Of Like Mind
Longtime friends and collaborators, Clare Byrne & Nicholas Leichter share special kinetic chemistry in "Side Show", an exceptional array of solos and duets.
By QUINN BATSON
Nicholas Leichter and Clare Byrne are apparently one brain sharing
two bodies. There seems to be no better explanation for this duo's
staggering synchronicity. In the seven pieces of their Symphony Space
debut "SideShow", when they aren't dancing one of three duets, they are
performing each other's solos, either literally or figuratively.
When they aren't dancing together, each has his/her own eponymous
dance company. The opening duet, "Sugar Cain", was originally
choreographed for two of Clare Byrne's dancers, but there is such
symmetry between Byrne and Leichter here that it is hard to believe
they haven't been dancing this piece together for years. Over a bed
of Tchaikovsky music, strange but beautiful stops and starts bring
the two 100 feet backward down a ramp to the stage in Egyptian/bird
poses. After an initial round of beautifully-synched turning phrases
that give some indication of their huge technical ability, the piece
slowly devolves into quirky absurdity, as a toe-sucking bird theme
reaches its peak with a very Lawrence of Arabia musical moment,
followed by a flopping fish ending.|
"Way Up High," choreographed by Byrne and performed by Leichter,
shows off more technical firepower, with beautifully soft landings
and exquisite extension combined with quicker-than-cat movements, all
to Harburg and Arlen music sung by Aretha Franklin.
"Baby Doll," choreographed by Leichter and performed by Byrne, turns
the record over. To music by Mariah Carey with Bone, Thugs and
Harmony, Byrne enters dressed like a Whitney Houston meltdown in a
slightly baggy men's suit and loose tie with bright red smeared
lipstick and proceeds to out-hiphop Usher's backup dancers. Then she
becomes Usher on crack, or perhaps a nice post-crack angel dust high,
muttering to herself and shivering and, as the drama builds, removing
not her shirt but her pants. It's disturbed, disturbing and
mesmerizing, all at the same time.
"Prologue" provides a duet respite, in feather-fringed white tutus
and silver lame halter tops. This may be their signature piece, one
they danced together often when Byrne was part of Leichter's dance
company. It is a sweet and pretty piece, perhaps summed up as Lauryn
Hill sings "I tell you leave when I mean stay." It is still fully
quirky, as the costumes suggest, but there is a wonderful connection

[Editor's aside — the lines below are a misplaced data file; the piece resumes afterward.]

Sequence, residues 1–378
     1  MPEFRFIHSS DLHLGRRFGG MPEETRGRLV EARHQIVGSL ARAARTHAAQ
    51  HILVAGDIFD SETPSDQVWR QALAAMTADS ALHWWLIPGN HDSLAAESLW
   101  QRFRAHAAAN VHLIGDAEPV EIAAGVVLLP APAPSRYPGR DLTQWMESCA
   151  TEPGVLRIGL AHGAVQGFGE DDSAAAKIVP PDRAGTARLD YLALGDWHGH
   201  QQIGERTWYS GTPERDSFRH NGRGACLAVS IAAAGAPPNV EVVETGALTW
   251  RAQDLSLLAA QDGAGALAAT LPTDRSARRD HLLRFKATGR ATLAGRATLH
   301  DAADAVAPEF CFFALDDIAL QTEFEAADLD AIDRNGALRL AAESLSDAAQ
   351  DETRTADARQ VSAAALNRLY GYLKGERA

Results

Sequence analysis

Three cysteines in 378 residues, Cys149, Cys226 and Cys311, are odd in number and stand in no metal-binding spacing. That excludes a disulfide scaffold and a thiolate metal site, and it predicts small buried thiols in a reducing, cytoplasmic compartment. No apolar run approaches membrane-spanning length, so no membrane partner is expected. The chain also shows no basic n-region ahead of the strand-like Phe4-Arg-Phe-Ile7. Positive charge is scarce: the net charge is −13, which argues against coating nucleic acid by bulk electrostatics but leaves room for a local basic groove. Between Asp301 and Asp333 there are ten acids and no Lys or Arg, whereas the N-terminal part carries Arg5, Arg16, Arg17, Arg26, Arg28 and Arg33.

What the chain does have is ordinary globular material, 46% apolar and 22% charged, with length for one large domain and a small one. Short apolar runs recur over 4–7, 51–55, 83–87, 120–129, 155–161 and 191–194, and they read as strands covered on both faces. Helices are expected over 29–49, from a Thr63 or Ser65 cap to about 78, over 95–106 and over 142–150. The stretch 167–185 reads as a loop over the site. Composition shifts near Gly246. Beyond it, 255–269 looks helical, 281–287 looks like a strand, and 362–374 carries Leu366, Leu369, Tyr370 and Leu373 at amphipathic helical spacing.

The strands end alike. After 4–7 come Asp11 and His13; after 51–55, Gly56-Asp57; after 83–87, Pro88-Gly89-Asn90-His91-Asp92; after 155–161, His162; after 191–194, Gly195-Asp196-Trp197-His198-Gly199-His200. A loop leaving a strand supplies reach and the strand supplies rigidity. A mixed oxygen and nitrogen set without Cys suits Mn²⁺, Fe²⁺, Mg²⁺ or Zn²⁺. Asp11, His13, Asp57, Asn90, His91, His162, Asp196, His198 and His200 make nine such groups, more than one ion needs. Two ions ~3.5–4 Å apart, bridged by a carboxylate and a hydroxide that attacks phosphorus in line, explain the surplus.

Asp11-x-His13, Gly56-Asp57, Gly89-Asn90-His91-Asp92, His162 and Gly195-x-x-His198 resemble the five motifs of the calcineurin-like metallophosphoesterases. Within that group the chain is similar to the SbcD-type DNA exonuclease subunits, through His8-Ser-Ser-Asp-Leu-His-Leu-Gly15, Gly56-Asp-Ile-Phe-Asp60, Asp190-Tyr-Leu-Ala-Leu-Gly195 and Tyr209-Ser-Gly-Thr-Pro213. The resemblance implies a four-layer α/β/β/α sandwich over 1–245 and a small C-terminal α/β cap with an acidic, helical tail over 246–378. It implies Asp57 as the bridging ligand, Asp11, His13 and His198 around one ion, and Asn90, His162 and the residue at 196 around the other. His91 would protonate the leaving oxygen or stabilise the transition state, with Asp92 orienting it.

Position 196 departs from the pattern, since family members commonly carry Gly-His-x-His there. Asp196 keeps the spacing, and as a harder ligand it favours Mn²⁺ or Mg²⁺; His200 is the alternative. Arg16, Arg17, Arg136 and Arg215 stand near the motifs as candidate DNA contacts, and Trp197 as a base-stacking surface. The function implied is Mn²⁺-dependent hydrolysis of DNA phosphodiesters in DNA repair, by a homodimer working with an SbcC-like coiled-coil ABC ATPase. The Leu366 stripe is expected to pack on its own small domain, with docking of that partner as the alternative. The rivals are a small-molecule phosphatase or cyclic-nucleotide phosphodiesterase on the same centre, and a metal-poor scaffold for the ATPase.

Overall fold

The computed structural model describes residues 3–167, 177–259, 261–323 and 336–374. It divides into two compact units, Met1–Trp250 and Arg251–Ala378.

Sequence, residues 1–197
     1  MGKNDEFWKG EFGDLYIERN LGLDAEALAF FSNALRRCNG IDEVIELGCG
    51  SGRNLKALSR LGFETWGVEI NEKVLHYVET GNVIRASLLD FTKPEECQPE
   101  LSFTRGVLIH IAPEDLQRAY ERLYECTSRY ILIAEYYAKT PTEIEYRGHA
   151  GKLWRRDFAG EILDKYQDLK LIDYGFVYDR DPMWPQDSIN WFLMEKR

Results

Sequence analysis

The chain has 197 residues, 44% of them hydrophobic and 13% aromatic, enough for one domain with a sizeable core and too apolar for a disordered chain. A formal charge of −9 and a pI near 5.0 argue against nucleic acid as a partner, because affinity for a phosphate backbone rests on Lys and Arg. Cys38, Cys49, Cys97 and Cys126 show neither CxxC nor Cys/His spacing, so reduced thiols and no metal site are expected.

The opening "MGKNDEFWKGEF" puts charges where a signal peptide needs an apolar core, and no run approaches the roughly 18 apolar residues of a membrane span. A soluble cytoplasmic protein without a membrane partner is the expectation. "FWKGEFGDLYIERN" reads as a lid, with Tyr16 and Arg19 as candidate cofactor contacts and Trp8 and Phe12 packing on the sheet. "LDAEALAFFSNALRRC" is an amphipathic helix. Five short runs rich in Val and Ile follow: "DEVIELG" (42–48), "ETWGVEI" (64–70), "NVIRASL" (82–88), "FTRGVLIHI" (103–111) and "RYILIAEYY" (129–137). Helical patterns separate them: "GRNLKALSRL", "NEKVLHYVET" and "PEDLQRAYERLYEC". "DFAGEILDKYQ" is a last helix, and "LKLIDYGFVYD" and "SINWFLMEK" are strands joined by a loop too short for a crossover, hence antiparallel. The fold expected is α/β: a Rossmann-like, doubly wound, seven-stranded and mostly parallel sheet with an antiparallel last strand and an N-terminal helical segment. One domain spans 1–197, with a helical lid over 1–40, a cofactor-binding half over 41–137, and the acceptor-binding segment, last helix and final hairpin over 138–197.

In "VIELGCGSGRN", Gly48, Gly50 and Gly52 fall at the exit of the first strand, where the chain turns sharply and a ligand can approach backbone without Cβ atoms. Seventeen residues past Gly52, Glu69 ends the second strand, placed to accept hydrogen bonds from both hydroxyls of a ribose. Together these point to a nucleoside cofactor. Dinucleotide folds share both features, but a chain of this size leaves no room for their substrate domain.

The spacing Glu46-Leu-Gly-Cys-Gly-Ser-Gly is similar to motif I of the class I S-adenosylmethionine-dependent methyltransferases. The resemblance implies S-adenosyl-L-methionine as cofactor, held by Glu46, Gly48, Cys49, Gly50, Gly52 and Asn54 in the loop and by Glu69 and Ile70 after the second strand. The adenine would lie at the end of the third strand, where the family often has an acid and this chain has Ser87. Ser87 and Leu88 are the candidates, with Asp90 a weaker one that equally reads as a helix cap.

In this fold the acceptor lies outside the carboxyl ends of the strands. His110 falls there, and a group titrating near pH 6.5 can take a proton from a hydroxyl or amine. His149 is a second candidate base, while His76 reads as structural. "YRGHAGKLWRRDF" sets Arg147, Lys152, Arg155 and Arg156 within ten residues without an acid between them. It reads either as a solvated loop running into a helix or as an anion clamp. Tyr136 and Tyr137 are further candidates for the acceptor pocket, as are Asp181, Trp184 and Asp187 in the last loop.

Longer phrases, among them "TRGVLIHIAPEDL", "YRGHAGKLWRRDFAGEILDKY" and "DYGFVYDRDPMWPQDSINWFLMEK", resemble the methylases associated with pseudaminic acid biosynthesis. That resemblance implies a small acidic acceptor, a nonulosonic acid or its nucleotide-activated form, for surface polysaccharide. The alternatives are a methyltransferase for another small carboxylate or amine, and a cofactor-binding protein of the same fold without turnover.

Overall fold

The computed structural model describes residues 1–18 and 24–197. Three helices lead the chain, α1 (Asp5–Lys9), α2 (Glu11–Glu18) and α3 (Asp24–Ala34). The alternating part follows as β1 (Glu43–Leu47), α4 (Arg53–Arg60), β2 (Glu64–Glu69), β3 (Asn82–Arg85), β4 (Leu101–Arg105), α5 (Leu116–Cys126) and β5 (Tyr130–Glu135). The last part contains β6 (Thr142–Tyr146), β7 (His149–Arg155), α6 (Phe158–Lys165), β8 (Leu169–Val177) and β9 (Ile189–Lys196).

between the two, culminating in a tender and spasmodic ending to the
words "the sweetest thing I know."
"B.A.P." is Leichter dancing Leichter, arresting and disturbing.
Volatile and vulnerable define this piece, with movement running the
gamut from supercharged club-kid dancing to drunk-in-the-gutter
rolling and slumping. There is a progression from neat denim and
t-shirt kid, full of energy, to sleaze-glam fur coat and hat man,
degenerate and scary, young Michael Jackson to old Dennis Rodman. The
lyrics that come to mind from this piece are Mary J. Blige singing "I
don't understand why you can't be my man." To underscore the comic
tragedy or tragic comedy, degenerate man pulls out his apparently
real gun to end the piece, leaving the audience to ponder whether a
gun is protection, threat or impending suicide.
"Attendant", 'Wet Blue' Byrne dancing Clare Byrne, is another
alcohol-soaked drama, performed to gospel music in a Twenties'
speakeasy setting. This is the story of a drunk with "the whole world
in his hands," danced gymnastically with a silent folding metal
chair. Though it sounds dismal, this, too, is arresting dancing, with
sheer quickness and unpredictability, and considerable skill.
"Coalesce", the well-named duet that ends the show, is a sparse and
beautiful piece. Accompanied initially only by the live upright bass
of John Sullivan, this piece has some amazing smooth lifts and
intertwined spins, very intricate but seemingly effortless. Here are
two gentle rag dolls, flopping and spinning together, embodying the
words of Donny Hathaway and Roberta Flack "the closer I get to you
the more you make me see."
Clare Byrne and Nicholas Leichter together are a rare treat.
|APRIL 11, 2003|
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